Related Elements

See more Silver products. Silver (atomic symbol: Ag, atomic number: 47) is a Block D, Group 11, Period 5 element with an atomic weight of 107.8682. Silver Bohr ModelThe number of electrons in each of Silver's shells is 2, 8, 18, 18, 1 and its electron configuration is [Kr]4d10 5s1. The silver atom has a radius of 144 pm and a Van der Waals radius of 203 pm. Silver was first discovered by Early Man prior to 5000 BC. In its elemental form, silver has a brilliant white metallic luster. Elemental SilverIt is a little harder than gold and is very ductile and malleable, being exceeded only by gold and perhaps palladium. Pure silver has the highest electrical and thermal conductivity of all metals and possesses the lowest contact resistance. It is stable in pure air and water, but tarnishes when exposed to ozone, hydrogen sulfide, or air containing sulfur. It is found in copper, copper-nickel, lead, and lead-zinc ores, among others. Silver was named after the Anglo-Saxon word "seolfor" or "siolfur," meaning 'silver'.

See more Titanium products. Titanium (atomic symbol: Ti, atomic number: 22) is a Block D, Group 4, Period 4 element with an atomic weight of 47.867. The number of electrons in each of Titanium's shells is [2, 8, 10, 2] and its electron configuration is [Ar] 3d2 4s2. Titanium Bohr ModelThe titanium atom has a radius of 147 pm and a Van der Waals radius of 187 pm. Titanium was discovered by William Gregor in 1791 and first isolated by Jöns Jakob Berzelius in 1825. In its elemental form, titanium has a silvery grey-white metallic appearance. Titanium's properties are chemically and physically similar to zirconium, both of which have the same number of valence electrons and are in the same group in the periodic table. Elemental TitaniumTitanium has five naturally occurring isotopes: 46Ti through 50Ti, with 48Ti being the most abundant (73.8%). Titanium is found in igneous rocks and the sediments derived from them. It is named after the word Titanos, which is Greek for Titans.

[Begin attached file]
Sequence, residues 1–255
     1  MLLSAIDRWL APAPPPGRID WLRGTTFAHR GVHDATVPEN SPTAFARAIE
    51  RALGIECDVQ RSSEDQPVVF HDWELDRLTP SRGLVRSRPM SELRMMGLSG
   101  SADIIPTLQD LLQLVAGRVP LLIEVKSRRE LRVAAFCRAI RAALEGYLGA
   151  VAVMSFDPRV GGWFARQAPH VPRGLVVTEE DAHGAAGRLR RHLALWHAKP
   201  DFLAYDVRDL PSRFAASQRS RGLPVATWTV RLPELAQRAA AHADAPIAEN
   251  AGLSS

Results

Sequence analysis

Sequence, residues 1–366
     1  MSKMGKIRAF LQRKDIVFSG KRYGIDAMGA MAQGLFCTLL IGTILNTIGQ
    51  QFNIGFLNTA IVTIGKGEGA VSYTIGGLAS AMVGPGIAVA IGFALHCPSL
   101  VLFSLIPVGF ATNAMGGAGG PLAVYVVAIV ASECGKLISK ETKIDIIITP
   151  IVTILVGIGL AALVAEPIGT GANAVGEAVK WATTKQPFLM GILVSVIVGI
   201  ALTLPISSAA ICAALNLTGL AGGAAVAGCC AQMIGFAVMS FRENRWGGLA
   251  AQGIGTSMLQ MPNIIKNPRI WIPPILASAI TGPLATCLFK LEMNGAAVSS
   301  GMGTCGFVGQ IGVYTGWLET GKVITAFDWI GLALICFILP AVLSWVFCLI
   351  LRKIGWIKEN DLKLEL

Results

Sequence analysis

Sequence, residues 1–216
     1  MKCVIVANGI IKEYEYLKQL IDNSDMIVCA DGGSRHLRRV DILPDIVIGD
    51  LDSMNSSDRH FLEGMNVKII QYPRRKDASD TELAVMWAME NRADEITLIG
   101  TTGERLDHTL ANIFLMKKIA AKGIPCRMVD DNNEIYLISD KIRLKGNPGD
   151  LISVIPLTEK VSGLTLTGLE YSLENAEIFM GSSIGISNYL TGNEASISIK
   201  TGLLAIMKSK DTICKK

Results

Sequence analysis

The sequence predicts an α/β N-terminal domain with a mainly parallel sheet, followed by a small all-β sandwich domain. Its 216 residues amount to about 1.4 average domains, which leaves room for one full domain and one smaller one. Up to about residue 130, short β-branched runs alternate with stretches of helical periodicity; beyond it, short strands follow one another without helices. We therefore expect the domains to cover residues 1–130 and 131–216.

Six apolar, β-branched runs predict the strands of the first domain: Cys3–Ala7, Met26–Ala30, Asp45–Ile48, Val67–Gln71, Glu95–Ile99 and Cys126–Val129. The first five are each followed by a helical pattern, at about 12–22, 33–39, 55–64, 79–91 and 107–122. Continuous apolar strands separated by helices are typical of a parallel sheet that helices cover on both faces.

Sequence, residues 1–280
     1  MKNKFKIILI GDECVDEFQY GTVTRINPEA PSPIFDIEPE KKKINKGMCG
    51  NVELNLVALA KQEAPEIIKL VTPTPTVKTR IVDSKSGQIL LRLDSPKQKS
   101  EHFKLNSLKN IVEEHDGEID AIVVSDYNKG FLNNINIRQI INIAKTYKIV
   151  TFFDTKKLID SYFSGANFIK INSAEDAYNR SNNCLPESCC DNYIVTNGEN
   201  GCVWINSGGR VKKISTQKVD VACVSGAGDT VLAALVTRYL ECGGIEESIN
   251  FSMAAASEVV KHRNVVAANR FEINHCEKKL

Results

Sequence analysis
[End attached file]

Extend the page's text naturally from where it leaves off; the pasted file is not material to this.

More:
See more Tellurium products. Tellurium (atomic symbol: Te, atomic number: 52) is a Block P, Group 16, Period 5 element with an atomic radius of 127.60. Tellurium Bohr ModelThe number of electrons in each of tellurium's shells is 2, 8, 18, 18, 6 and its electron configuration is [Kr] 4d10 5s2 5p4. Tellurium was discovered by Franz Muller von Reichenstein in 1782 and first isolated by Martin Heinrich Klaproth in 1798. In its elemental form, tellurium has a silvery lustrous gray appearance. The tellurium atom has a radius of 140 pm and a Van der Waals radius of 206 pm. Elemental TelluriumTellurium is most commonly sourced from the anode sludges produced as a byproduct of copper refining. The name Tellurium originates from the Greek word Tellus, meaning Earth.

TODAY'S SCIENCE POST!

December 12, 2018
Los Angeles, CA
Each business day American Elements' scientists & engineers post their choice for the most exciting materials science news of the day

The Smallest 3-D Transistor Yet